Apparently, making jam on a second-rate electric hob is entirely possible, though absolutely not advisable.

Not only will said hob short-circuit the house at least twice, but heat will deflect from the jam pan, burning the enamel surface below the ceramic hob plate. Also, the hob will fail to get the sugar up to temperature, leaving you with stewed fruit and sugar, rather than actual jam.

I am currently waiting for said mixture to cool to see what it tastes like finished.

Experimental Jam

All said and done though, until adding the sugar, I was pretty convinced I had stumbled on the perfect jam recipe. So, for your preserve-making pleasure, may I present a list of the fruits I used:

2 bunches of grapes – one red, one white
2 peaches
3 pears
2 apples
2 stems of rhubarb
a handful of cranberries
the juice from 3 lemons
the peel from 4 oranges (I have been freezing orange peel as I eat them for just such an occasion)
half a bottle of white wine
half a large bottle of ginger beer
a pinch of cinnamon
half a bag of sugar

The basic method is as follows: chop fruit and peel. Boil in liquids until pith on peel is transparent. Add sugar. Get sugar up to correct temperature (220F). Put in jars. Nom it all up.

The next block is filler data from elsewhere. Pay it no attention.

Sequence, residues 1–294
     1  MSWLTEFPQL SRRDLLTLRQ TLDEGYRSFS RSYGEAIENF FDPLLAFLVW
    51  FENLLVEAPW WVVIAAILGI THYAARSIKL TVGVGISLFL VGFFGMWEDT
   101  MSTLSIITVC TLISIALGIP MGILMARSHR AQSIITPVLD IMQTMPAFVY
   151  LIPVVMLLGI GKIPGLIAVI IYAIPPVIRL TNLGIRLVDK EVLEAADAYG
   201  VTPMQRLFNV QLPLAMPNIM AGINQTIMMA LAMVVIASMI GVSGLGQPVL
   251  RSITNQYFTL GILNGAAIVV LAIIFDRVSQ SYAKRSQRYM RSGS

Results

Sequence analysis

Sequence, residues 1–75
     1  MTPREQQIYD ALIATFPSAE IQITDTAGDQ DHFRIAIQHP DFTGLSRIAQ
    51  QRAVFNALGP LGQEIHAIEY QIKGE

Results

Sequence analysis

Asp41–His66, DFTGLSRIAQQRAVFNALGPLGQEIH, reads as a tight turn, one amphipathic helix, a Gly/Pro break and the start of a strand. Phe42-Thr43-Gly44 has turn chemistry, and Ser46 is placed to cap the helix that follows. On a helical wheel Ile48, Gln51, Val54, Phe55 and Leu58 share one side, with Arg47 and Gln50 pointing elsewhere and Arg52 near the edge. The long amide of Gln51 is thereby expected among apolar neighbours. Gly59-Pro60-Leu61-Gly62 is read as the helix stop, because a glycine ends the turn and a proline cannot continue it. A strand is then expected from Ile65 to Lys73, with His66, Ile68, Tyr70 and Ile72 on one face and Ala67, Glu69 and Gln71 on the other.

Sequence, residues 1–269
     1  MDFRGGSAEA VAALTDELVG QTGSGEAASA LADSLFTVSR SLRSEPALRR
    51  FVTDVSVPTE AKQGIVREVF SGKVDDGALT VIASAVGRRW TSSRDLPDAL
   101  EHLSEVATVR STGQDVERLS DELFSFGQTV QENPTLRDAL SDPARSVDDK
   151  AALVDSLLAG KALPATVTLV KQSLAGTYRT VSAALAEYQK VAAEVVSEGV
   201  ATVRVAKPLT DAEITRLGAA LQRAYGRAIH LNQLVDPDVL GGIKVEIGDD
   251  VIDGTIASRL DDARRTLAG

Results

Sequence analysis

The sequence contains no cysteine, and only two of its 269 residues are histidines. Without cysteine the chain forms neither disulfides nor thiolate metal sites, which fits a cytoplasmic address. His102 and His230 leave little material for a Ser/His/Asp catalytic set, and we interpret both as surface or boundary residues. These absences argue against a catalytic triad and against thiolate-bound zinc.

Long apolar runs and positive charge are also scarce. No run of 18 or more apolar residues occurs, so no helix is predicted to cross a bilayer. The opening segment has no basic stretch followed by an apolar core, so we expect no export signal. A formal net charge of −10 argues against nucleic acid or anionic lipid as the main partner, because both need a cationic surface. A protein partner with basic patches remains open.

This is what happens when I plan to go out in the garden – the weather inevitably turns and I am left to amuse myself around the house in other ways. At present, I would like to be winging my way to M-‘s pre-marriage-picnic, however obviously, the one time I hope my disclosure for work doesn’t come through, it lands on my doormat. The really annoying thing, is that there aren’t any shifts for me at present, leaving me to wait patiently by the phone in case I’m needed. Argh. Part of me wants to high-tail it north anyways, but I know that if I did, I’d be woken at daft o’clock in the morning to be told I had to be in Cambridge by half past stupid.

Hopefully the weather will be better tomorrow and I’ll get out to plant some crops that should see us through autumn and next spring. I have some tomatoes, some kale, carrots, parsnips, swedes and savoy cabbages. Hopefully, I’ll do a better job with them than I did with my aubergine plants – currently a small crispy mess on the dining room window. I don’t know what I did wrong – the plants had green-fly and I distinctly remember Nan saying that you should just spritz washing up liquid and water over the leaves to kill off the bugs. Admittedly, the bugs are now dead but the plants have also shuffled off this mortal coil, leaving me with a little terracotta pot of autumn leaves…

Tonight’s mission: Clean up after S-‘s DIY in the living room, finish cleaning the kitchen, maybe start work on some top-secret sewing… who knows. Right now though, I need a gin and tonic.